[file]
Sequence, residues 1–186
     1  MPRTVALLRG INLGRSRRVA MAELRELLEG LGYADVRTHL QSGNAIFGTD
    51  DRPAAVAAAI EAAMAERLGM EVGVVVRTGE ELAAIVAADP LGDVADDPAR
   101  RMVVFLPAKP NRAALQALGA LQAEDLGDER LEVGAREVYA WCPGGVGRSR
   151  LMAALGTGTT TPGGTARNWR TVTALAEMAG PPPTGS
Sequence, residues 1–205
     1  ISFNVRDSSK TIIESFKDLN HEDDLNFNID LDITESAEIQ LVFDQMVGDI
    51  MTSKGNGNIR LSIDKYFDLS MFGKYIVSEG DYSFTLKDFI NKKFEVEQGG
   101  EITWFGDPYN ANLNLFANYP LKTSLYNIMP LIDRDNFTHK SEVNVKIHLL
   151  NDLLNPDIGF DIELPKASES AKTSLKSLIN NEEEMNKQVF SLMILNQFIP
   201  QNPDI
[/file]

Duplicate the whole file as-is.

Sequence, residues 1–186
     1  MPRTVALLRG INLGRSRRVA MAELRELLEG LGYADVRTHL QSGNAIFGTD
    51  DRPAAVAAAI EAAMAERLGM EVGVVVRTGE ELAAIVAADP LGDVADDPAR
   101  RMVVFLPAKP NRAALQALGA LQAEDLGDER LEVGAREVYA WCPGGVGRSR
   151  LMAALGTGTT TPGGTARNWR TVTALAEMAG PPPTGS
Sequence, residues 1–205
     1  ISFNVRDSSK TIIESFKDLN HEDDLNFNID LDITESAEIQ LVFDQMVGDI
    51  MTSKGNGNIR LSIDKYFDLS MFGKYIVSEG DYSFTLKDFI NKKFEVEQGG
   101  EITWFGDPYN ANLNLFANYP LKTSLYNIMP LIDRDNFTHK SEVNVKIHLL
   151  NDLLNPDIGF DIELPKASES AKTSLKSLIN NEEEMNKQVF SLMILNQFIP
   201  QNPDI